It seemed to me that many guys are expected to be the silent partner in relationships. In counseling couples I've noticed some wives are vocal about her needs and those needs are frequently the topic of discussion. Many husbands couldn't, or wouldn't, or just didn't voice their needs and wants as much. But why?
I spent many years searching for the answers only to find very few texts that helped me to understand men in general and a minuscule amount that explained men in relationships. So I made it my mission to find out how I could help the guys in the relationships I see. I wanted to help give them a voice too. After years of searching and practicing I found several things that needed to be addressed if we (spouses, partners, the mental health community, etc.) were going to be effective with men.
Keep a respectful tone
Men respond best to respectful words and tone. It seems so basic but many times we forget this. Most men's ears are very tuned into tone of voice and will make meaning of it almost instantly. Some struggle with hearing the message if the tone is not respectful. Tone can make or break a relationship.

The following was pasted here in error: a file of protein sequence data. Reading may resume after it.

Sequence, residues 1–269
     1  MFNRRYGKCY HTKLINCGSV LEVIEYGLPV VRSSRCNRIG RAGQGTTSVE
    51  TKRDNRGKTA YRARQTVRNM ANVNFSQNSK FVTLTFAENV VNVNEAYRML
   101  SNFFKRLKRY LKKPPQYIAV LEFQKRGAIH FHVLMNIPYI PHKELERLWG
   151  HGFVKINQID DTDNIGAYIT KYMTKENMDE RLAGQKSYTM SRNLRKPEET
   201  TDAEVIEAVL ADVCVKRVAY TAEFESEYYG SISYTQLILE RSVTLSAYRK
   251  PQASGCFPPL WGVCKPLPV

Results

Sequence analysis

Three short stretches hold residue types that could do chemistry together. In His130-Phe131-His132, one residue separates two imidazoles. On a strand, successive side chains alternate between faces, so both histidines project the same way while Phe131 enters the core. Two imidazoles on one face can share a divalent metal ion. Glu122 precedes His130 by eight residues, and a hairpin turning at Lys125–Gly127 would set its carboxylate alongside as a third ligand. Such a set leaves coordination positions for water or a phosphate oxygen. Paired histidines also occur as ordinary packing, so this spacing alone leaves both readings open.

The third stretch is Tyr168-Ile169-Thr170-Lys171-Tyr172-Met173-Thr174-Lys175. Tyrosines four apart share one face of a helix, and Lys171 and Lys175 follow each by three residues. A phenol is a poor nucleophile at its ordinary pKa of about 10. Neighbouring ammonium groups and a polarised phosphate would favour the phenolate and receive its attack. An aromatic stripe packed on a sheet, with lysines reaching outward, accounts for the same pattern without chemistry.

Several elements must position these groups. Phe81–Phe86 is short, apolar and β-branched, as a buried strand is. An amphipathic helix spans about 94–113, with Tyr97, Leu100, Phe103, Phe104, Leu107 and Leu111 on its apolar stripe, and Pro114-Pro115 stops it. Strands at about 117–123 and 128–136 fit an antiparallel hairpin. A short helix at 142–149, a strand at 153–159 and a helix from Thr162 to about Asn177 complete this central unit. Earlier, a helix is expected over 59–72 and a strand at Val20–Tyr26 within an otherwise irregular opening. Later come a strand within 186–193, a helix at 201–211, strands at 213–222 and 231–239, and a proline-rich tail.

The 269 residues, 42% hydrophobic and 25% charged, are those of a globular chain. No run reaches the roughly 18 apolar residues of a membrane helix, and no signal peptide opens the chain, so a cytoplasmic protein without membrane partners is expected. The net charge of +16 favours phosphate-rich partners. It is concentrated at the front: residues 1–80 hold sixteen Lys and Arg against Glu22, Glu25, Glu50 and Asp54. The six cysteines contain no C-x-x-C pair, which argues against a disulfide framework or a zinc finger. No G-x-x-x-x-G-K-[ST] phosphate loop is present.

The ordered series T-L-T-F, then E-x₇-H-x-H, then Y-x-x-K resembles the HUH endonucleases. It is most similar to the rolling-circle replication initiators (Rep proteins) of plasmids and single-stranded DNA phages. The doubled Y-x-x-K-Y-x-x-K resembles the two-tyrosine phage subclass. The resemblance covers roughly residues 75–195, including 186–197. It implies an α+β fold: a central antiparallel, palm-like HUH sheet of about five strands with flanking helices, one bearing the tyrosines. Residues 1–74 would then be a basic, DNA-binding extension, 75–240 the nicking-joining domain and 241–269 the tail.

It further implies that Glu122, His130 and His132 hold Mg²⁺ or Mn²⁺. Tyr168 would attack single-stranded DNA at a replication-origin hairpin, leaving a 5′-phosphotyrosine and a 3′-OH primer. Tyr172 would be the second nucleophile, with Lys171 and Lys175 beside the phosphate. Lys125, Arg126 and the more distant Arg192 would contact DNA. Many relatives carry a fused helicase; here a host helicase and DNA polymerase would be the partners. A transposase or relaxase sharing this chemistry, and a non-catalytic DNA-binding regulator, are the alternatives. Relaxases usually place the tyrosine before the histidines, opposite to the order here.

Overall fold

Honor the way he sees the world
Most men did not grow up in environments in which their emotions were encouraged or even appreciated. They were told they were weak or out of control if they showed the wrong emotion. This may have helped to shape how he feels about emotions in general. Being in a relationship may be much harder than we give him credit for. He is supposed to love someone but may have been taught not show his feelings. What??!! No wonder he may choose to keep feelings completely out of the discussion. It helps to appreciate his efforts when he feels safe enough to share.
Allow him his dignity
Watching a spouse completely berate a man sends a cringe that moves from the bottom of my feet to the ends of my curls. Some relationships have lost so much dignity I swear I am watching a parent correct their child. We sometimes revert to our most unhealthy patterns while upset. Having a peaceful discussion about issues gives us the best odds on a positive outcome.
Men are amazing and complex. Keeping these points in mind may create a safe place where a man can share what he thinks and feels. I believe we could all have better relationships if we respect each person's individuality and need; and this includes the men in our lives.
To all of my men out there who are raising a child (biological or not) I wish you the best Father's Day!
Deidre A. Prewitt, MSFMFC, LPCC